Getting Up-to-Date Is EASY Now

If you are reading this blog, you are familiar with how the Internet works. Presumably you also use email, and understand basic word processing and spreadsheet software. Today, that understanding is a minimum!

Whether you are employed or unemployed, taking personal responsibility for your own skills and knowledge is no longer optional. Few employers invest in their staff these days because, on average, people change employers every 4 years.

Even if you have been unemployed for 2 years (maybe, especially if you have been unemployed for an extended period), employers need to see proof that you are up-to-date. BTW, being employed doesn't prove you have current skills and knowledge, either. So everyone in a job search or who is trying to manage their career needs to be demonstrably up-to-date.

Know What's Happening in Your Field

Being well-informed is not optional now. Fortunately, while technology may be the villain in this situation, it is also probably your best way to pay attention to what is happening around you:

  • Set up Google Alerts on key terms, like your employer's products or services, your employer's competitors, your industry, and your profession, the "thought leaders" in your field or industry, etc.
  • Attend "virtual" or live (if you can afford it) professional/industry conferences.
  • Monitor news and new developments in your field (again Google Alerts can be very helpful).
  • Use LinkedIn to track the thought leaders in your field and industry to see what they are doing, saying, writing. "Follow" them, and monitor their updates.

What are your employer's competitors doing? How is technology impacting your employer's business?

Take Control of Your Professional Training

This is easier to do now than it has ever been in the past. Knowing what is happening in your field and industry (above) shows you what you need to become more informed about.

More than ever before, amazing training and education are now available to anyone, any time as long as you have a good connection to the Internet.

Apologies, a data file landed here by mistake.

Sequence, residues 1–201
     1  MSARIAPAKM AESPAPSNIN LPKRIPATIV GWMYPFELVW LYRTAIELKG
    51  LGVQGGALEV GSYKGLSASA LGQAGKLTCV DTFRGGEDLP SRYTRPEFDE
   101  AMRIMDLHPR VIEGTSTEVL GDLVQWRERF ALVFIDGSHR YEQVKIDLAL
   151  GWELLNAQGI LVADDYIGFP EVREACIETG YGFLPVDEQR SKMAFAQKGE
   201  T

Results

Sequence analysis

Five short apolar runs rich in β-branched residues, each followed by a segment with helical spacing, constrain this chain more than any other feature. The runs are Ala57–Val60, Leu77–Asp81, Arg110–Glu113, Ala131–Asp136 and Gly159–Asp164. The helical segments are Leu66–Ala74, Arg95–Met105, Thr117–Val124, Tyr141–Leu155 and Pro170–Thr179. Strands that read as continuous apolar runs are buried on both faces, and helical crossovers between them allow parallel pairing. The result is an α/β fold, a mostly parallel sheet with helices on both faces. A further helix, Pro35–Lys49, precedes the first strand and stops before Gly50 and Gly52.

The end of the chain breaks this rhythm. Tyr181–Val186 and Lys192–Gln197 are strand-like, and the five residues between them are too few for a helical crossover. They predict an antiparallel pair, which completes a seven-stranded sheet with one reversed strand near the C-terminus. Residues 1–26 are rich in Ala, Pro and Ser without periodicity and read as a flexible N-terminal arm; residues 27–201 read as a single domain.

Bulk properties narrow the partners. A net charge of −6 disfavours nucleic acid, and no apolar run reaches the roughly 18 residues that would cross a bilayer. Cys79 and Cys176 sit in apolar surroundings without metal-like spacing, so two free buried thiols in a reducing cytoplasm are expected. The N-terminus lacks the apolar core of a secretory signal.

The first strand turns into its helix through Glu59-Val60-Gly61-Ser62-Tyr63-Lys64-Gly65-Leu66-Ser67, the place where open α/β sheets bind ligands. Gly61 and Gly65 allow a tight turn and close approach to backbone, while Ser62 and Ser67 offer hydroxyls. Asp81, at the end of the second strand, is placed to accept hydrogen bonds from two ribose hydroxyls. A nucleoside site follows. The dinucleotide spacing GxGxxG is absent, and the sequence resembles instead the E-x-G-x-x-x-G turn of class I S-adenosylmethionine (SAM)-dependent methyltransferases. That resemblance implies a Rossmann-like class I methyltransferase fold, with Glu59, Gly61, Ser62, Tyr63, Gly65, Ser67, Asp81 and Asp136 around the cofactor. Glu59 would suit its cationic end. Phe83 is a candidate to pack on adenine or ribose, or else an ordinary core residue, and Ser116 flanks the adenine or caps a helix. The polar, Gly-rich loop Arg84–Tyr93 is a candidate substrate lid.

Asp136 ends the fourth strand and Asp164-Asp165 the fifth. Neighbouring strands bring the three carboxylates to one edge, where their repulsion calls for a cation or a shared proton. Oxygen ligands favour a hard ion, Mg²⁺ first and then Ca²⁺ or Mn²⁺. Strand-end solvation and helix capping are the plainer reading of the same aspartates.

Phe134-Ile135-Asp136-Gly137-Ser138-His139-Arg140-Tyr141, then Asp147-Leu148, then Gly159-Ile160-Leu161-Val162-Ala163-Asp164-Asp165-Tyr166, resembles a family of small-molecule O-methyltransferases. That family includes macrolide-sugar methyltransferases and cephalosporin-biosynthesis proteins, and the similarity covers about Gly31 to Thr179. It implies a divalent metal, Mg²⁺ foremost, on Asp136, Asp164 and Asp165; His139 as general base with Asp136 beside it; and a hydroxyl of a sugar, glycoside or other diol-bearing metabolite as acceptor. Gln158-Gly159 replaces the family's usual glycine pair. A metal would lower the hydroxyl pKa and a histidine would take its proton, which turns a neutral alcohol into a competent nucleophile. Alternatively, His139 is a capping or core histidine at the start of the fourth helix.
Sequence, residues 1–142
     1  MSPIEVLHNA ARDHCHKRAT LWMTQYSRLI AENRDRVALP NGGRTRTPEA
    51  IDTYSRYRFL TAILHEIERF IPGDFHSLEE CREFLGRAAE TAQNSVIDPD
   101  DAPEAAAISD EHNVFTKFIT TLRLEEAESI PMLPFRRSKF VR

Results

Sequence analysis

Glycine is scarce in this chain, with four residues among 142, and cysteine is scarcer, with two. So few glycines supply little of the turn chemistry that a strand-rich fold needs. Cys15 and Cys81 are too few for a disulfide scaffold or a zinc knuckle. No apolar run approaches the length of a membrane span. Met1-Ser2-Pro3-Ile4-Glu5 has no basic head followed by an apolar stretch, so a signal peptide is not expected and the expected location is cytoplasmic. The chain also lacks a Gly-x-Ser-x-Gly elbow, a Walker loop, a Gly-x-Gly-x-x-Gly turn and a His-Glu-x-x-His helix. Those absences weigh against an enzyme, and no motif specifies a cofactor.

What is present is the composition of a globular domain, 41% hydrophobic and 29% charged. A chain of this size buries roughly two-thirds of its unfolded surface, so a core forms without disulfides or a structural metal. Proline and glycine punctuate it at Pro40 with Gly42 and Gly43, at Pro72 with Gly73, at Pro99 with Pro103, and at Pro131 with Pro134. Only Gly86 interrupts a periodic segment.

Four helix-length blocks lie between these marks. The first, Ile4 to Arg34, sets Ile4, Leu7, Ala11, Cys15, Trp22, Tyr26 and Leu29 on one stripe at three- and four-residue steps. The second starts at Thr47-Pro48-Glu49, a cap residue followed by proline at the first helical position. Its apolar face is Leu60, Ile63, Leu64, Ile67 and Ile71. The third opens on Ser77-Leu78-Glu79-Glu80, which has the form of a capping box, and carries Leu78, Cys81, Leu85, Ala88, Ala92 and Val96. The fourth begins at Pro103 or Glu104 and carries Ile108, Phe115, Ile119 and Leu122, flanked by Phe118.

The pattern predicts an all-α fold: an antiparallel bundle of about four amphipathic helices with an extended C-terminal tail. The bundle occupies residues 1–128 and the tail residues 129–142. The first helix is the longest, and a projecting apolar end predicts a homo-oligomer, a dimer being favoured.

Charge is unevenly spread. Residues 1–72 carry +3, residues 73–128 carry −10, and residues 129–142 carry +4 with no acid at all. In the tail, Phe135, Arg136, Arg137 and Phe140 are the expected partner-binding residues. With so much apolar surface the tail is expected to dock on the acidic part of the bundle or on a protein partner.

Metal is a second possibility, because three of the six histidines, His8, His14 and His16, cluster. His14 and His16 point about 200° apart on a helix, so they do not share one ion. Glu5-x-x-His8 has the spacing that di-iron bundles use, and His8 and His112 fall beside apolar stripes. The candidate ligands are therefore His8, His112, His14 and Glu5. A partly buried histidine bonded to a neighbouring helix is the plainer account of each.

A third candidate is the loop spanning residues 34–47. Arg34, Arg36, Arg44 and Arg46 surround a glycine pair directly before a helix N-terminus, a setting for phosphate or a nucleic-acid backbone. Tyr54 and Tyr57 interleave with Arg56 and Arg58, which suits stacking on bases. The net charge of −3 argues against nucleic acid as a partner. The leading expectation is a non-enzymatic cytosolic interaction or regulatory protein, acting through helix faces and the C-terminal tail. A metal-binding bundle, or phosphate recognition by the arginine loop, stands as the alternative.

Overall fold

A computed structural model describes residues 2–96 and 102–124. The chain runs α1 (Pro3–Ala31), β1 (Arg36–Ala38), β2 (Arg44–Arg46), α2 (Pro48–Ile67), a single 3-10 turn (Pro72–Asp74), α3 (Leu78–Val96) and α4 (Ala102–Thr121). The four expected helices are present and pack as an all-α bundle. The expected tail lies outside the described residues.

Check out the online learning venues to learn about the new technology and techniques impacting your field or industry:

  • MOOC (Massive Open Online Courses) covers a wide variety of classes, usually for free or very low cost (for certifications) from many different schools.
  • edX provides free online courses from the world's top schools, like MIT and Harvard.
  • If you need the basics of math, science, and computers, KhanAcademy.org provides it at a high school (or lower) level.
  • The technology courses provided by Lynda.com are now also available through LinkedIn.com (LinkedIn purchased Lynda in mid-2015).
  • Many other sources of online education exist. Just check your favorite search engine to find them.

Today, none of us really has a good excuse for not staying current with our field and industry. Technology is causing the changes, but also making it easier to stay up to date.

More About Modern Careers:

Online job search expert Susan P. Joyce has been observing the online job search world and teaching online job search skills since 1995. Susan is a two-time layoff "graduate" who has worked in human resources at Harvard University and in a compensation consulting firm. In 2011, NETability purchased WorkCoachCafe.com, and Susan has been editor and publisher of WorkCoach since then. Susan also edits and publishes Job-Hunt.org, is a Visiting Scholar at the MIT Sloan School of Management, and a columnist on HuffingtonPost. Follow Susan on Twitter at @jobhuntorg and on Google+.